You were inspired to write a blog post about your love of fashion after receiving a question about being blind and loving fashion. Are these types of messages common for you?
I receive a lot of questions about my vision impairment. People tend to ask about how I do things such as use my phone, go on the train independently and how I write my blog. People have asked about my love of fashion as a vision impaired person in the past. However, no one has asked it in such a direct way. This inspired me to address the topic.
Have you always has an interest in fashion? What do you enjoy most about it?
Until I was about 13 or 14, I had no interest in fashion. I didn’t like shopping. I’d be quite happy walking out of the house without putting any thought into my outfit. A plain hoodie and a pair of straight leg jeans was my go-to look. But then I started going on shopping days with one of my friends and I think her interest in fashion rubbed off on me. I realised how much there is to explore with fashion and started watching hauls on YouTube. I guess my interest grew from there.
There’s so much I enjoy when it comes to fashion. But the thing I love the most is pairing outfits together. I love incorporating elements of the latest trends into my own style and playing around with different looks.
In your blog post, you suggest the media is to blame for creating the assumption that blind and disabled people don’t care about their appearance. How do you think we can change people’s understanding of this biased representation?
I think people are becoming more aware and understanding of the realities of living with sight loss. They understand how we can enjoy things such as beauty and fashion. This is because many people are becoming more open with their stories, sharing them on blogs for example.
I think that bringing stories about vision impairment and disability into mainstream media can also help massively. It’s beneficial for people to hear about our experiences from our own perspective. The media can sometimes portray unrealistic representations.
Describe the process of choosing new clothes and how wearing them makes you feel.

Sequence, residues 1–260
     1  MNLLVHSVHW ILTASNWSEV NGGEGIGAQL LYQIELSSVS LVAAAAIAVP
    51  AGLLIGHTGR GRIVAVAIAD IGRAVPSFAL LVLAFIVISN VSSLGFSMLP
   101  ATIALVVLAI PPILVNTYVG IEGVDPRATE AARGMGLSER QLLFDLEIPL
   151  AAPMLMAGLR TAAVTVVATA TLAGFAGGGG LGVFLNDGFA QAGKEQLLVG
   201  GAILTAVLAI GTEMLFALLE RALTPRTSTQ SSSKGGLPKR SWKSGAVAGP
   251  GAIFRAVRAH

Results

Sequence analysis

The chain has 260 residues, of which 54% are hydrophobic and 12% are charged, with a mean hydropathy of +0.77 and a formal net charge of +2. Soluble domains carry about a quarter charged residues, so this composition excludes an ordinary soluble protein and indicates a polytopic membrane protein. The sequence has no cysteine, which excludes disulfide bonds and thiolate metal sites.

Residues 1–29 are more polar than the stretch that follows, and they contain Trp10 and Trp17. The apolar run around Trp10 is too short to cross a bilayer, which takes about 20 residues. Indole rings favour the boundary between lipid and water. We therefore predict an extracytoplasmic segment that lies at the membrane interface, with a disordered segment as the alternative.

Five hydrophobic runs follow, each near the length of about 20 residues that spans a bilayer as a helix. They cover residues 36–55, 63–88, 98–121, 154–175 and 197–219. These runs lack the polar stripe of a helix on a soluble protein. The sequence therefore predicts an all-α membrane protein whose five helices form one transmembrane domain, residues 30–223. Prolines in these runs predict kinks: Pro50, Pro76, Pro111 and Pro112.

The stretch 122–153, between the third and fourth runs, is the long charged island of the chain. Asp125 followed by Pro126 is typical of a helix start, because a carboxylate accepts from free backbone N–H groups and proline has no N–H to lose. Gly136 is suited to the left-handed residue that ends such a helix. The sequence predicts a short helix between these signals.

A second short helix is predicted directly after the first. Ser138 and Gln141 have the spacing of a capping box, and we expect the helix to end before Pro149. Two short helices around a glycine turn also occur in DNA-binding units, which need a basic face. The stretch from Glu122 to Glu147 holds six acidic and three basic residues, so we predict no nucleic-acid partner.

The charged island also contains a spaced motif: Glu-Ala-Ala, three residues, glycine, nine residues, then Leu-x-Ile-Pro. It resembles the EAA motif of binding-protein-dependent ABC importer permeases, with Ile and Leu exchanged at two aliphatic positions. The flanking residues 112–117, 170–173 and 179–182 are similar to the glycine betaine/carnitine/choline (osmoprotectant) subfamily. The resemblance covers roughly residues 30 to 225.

When buying a new item for my wardrobe, I’ll always take note of the fabric and quality. If something doesn’t feel nice, I pop it back on the rail. I can still see colours so I can determine if I like an item in that sense. Although I do mix up colours such as blue and green, red and pink etc.
When trying things on, the shape of the item is what I notice the most and just the fit in general. I can normally tell if something is unflattering, because I’ve become to understand my own body shape, what suits and what doesn’t.
“I ordered it online because the description given was quite good” – How important is the written product description to help paint a picture of what the outfit will look like and is this difficult to find on mainstream retail websites?
The description of an item is so important, the more detail the better in my eyes. If the description is quite vague, chances are that I’ll click off because it would be impossible to paint a picture in my head.
I find that it’s very hit and miss with product descriptions. Some can be good like the one I mentioned in the blog post but others don’t have much detail at all. I think this is something that mainstream retail websites need to work on.
In some ways it would seem that visually impaired people have a closer connection with fashion and appreciate clothes in a different way, focusing on texture and the feel of the fabric. Do you think that fully sighted people miss out on this experience?
I think fully sighted people can overlook the deeper aspects of fashion just because it’s portrayed as something so visual. But I guess it depends on how much interest you have in it.
Personally, I think people should appreciate fashion for so much more than its visual attributes. Maybe fully sighted people can learn a little something from people with vision impairment in terms of appreciating them. I think it’s definitely an aspect of fashion that needs to be explored more.
You can check out Elin’s ‘Why do you care about fashion if you’re blind’ blog post and more at My Blurred World.